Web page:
This is where this film starts to transcend being merely a very good thriller. The action happens early in the 1300s at a time when there is no printing yet and all manuscripts have to be laboriously copied, a process which can take years and obviously limits the distribution of books to extremely few (it was not untypical for a royal library in the Middle Ages to have only 10 books...). The typical place where books where copied was in monasteries.
Yet here comes the rub : from the 13th century onwards a number of writings by Greek philosophers, in particular Aristoteles (repeatedly referred to in the film), are being rediscovered in Europe (often via scholars in muslim Spain) after having been lost for more than a thousand years. Aristoteles had advocated that there is a rational anwer to everything. Aristoteles' main philosophical opponent (although he was a pupil) was Plato who argued that the human soul was separate from reality. Saint Augustine (354 - 386 A.D.), who probably shaped Christian beliefs more in the first millennium than anyone, had relied heavily on Plato to emphasise that what mattered was the soul, that trying to give a rational explanation to events was tantamount to denying that God created the World. The result was a Christianity which for more than a thousand years was averse to rational scientific discovery. Until Thomas Acquinas (1225 - 1274 A.D, - who is mentioned directly and indirectly in the film) wrote possibly the most influential book of the second millennium in the Western world, the Summa Theologica. The book, soon endorsed by the pope (who was a family member...) argued that there was nothing wrong with rationality, because the more we research the more we would find out how well God made the world and as a result we would be even more in awe of the Creation (it only took a few centuries for the Church and science to clash anyway, but by then the genie was out of the bottle).
The film The Name of the Rose depicts this most crucial of all times in Western civilisation when knowledge about rational Greek philosophies started to seep through where books were copied - in monasteries and other centers of knowledge - but was kept unknown or was fought in a futile rearguard action. This is where the latent conflict resides : the Church initially believed it had nothing to gain from rationality, a philosophy which would seek its own answers instead of accepting as gospel the Church teachings. William of Baskerville has clearly already been converted to rationality and is the prototype of the new rational Western man, but the authorities of the abbey, who have locked away copies of manuscripts by Aristoteles in a secret tower in the abbey, are resolutely hostile to its dissemination. William stands for science, rationality and fairness, while the old guard stands for superstition (belief in witches, that burning cleanses the soul etc...), inquisition etc...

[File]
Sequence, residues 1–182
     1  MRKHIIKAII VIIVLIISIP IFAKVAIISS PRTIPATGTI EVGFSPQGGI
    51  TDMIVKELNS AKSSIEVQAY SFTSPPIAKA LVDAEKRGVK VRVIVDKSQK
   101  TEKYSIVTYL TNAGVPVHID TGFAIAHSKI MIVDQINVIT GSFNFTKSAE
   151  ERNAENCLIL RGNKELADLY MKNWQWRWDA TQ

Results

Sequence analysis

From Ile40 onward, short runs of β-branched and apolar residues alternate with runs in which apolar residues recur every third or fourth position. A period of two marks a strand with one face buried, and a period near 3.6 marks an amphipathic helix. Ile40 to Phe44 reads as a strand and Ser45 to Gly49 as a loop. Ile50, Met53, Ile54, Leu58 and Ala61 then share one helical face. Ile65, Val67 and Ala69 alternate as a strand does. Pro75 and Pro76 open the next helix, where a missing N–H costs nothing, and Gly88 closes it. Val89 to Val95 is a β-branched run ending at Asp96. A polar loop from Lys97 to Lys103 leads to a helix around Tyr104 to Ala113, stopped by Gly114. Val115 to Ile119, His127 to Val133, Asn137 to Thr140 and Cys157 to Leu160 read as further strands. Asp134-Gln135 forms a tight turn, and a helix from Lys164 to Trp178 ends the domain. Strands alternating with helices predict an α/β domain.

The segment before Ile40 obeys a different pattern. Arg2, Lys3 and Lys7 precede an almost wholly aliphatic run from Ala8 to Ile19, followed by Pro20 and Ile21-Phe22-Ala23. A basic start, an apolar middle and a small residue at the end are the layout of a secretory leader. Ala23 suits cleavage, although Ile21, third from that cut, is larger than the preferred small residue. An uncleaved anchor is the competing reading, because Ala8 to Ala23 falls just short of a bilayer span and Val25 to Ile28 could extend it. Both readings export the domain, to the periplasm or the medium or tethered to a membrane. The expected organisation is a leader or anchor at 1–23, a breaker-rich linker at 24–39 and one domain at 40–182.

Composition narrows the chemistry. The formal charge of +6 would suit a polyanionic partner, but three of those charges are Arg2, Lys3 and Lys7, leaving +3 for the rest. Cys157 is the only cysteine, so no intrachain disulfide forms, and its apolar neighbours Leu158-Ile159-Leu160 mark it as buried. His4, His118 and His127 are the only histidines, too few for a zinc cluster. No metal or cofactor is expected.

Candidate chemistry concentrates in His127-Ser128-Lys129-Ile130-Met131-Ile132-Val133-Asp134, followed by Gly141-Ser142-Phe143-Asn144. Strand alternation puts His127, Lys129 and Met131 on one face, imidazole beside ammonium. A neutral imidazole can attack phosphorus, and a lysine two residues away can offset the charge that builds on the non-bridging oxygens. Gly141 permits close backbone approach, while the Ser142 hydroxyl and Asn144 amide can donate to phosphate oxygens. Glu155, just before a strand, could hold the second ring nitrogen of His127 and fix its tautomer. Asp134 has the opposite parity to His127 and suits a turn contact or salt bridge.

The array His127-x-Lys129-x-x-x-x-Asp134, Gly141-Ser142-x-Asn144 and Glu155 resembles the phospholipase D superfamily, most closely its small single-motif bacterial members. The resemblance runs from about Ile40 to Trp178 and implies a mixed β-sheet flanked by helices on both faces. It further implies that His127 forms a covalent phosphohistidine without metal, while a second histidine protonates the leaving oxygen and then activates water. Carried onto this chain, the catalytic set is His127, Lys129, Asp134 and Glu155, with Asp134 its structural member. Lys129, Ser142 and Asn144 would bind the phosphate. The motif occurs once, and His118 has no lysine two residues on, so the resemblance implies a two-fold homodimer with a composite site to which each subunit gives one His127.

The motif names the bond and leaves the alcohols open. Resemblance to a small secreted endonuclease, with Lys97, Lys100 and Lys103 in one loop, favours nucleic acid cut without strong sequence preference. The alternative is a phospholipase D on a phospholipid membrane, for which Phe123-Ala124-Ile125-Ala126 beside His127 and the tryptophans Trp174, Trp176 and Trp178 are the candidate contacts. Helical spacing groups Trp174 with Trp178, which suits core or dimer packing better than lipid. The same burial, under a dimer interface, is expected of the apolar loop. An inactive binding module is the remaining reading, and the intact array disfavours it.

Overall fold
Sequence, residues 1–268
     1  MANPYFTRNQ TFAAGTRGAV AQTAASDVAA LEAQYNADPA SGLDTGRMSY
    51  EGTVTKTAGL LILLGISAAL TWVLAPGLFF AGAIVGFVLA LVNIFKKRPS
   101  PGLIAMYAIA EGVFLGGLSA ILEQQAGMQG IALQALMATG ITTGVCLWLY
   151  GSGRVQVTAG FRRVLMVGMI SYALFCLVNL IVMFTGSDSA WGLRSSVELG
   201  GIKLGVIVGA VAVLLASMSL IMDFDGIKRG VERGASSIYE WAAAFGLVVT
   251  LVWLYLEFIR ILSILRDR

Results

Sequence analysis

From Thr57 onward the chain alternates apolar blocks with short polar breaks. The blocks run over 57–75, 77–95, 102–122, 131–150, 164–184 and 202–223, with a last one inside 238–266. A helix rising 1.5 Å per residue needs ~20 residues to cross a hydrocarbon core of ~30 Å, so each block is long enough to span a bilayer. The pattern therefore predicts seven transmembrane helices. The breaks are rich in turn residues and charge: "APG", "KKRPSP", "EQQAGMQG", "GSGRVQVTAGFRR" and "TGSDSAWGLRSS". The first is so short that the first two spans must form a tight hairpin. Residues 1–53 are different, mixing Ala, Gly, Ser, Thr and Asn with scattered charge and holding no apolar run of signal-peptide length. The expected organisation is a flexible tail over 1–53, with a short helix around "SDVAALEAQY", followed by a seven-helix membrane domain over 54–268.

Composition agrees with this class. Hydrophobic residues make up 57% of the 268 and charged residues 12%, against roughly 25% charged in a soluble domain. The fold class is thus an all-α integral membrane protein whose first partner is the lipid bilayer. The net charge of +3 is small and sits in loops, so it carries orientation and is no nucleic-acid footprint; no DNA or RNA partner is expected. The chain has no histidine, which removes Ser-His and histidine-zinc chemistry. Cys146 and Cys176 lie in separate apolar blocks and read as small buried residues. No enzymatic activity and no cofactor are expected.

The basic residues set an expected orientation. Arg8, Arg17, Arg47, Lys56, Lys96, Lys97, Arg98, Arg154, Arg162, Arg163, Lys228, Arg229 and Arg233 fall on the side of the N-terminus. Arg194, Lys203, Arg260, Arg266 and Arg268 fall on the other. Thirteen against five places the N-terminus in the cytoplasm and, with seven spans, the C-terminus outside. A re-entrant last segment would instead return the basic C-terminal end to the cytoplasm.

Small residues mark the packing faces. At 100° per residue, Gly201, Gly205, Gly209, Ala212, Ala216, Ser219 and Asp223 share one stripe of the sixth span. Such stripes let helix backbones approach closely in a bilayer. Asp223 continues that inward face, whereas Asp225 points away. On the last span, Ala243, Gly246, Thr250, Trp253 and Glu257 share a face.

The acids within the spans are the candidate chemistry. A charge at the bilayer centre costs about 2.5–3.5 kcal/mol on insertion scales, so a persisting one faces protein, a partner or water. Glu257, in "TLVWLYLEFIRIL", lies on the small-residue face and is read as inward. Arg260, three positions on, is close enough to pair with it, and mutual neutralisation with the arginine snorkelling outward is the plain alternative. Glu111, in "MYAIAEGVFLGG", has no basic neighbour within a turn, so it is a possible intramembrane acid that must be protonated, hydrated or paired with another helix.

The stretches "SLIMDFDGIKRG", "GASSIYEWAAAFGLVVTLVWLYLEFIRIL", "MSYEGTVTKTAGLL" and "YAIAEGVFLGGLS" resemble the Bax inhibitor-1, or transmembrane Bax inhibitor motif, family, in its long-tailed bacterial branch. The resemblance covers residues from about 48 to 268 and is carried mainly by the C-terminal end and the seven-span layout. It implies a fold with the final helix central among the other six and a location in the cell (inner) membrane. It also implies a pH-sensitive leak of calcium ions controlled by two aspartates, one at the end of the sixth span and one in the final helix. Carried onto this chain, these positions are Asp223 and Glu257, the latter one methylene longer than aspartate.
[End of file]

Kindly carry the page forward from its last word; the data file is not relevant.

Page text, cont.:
If you want to know how and why the dark middle ages evolved into renaissance, this film, apart from being a damn good thriller and also probably the most authentic depiction of medieval life (Arnaud apparently went as far as extracting tooth filling from some actors to make them look more real medieval...), will give you the best introduction.
18 of 18 people found the following review helpful
on April 4, 2004
This movie is based on the book of the same name by Umberto Eco and the movie does an EXCELLENT job of interpreting the book. The movie describes the events of a one-week period inside a monastery in Italy in the early 14th century. During this week, seven monks die in mysterious ways and somehow the deaths are tied into the life of the monastery and are also linked to the existence of forbidden books hidden away in the monastery's library. An extremely creative genius crafted this tale and the acting is superb. Sean Connery plays a visiting monk from the British Isles who is a product of the emerging renaissance - a scholar, a practicioner of logic, and even a former inquisitor. He begins to unravel the mystery of the deaths and also what is at the core of what has gone wrong in the monastery. The rest of the cast is great! My suggestion: find and read the book by Umberto Eco, and then watch the film. The film will bring the book to life and you will want to keep the DVD in your home library... Enjoy!
21 of 22 people found the following review helpful
on August 9, 2004
Definitely a great mystery and one of my personal favorites, The Name of the Rose, brings to the screen the adaptation of Umberto Eco's book about a series of crimes that are committed in a remote Benedictine monastery in Italy during the fourteenth century, at a time when Western Europe is making the transition from the Dark Ages to the Renaissance Era.
The movie does a GREAT job of presenting us with the eerie feeling of being isolated in a dreary Catholic medieval monastery. The viewer actually feels that they have been transported to medieval Italy and are actually present among the characters, seeing what they see, feeling what they feel, sensing what they sense.